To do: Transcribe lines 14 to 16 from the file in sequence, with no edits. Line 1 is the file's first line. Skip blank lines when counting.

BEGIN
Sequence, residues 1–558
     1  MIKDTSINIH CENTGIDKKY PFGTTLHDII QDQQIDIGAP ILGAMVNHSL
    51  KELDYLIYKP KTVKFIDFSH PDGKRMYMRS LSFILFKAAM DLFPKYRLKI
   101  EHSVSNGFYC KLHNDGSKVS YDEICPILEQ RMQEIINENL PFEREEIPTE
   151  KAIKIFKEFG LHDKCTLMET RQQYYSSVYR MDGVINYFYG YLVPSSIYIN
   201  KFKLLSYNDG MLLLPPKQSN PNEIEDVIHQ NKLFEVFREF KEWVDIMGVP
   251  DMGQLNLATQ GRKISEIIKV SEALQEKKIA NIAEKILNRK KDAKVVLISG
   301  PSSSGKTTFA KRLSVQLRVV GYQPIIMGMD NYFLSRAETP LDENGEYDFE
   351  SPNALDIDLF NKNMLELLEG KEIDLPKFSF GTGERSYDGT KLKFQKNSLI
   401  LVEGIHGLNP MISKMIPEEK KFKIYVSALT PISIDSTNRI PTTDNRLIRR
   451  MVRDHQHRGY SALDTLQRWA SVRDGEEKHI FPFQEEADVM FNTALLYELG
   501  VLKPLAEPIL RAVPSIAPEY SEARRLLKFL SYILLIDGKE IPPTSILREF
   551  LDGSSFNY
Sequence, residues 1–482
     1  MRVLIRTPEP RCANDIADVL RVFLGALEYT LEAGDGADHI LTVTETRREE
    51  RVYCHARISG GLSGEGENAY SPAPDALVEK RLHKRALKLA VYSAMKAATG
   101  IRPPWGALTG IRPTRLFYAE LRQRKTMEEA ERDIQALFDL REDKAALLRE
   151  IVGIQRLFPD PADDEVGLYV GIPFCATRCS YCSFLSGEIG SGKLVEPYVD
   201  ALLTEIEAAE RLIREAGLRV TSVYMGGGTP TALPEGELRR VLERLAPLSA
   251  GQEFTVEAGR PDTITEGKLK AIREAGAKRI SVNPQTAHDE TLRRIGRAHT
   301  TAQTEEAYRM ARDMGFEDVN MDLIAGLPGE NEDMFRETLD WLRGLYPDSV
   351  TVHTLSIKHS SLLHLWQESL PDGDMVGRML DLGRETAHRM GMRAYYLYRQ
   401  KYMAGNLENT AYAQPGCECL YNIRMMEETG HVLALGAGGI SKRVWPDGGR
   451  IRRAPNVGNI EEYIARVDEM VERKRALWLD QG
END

Sequence, residues 1–482
     1  MRVLIRTPEP RCANDIADVL RVFLGALEYT LEAGDGADHI LTVTETRREE
    51  RVYCHARISG GLSGEGENAY SPAPDALVEK RLHKRALKLA VYSAMKAATG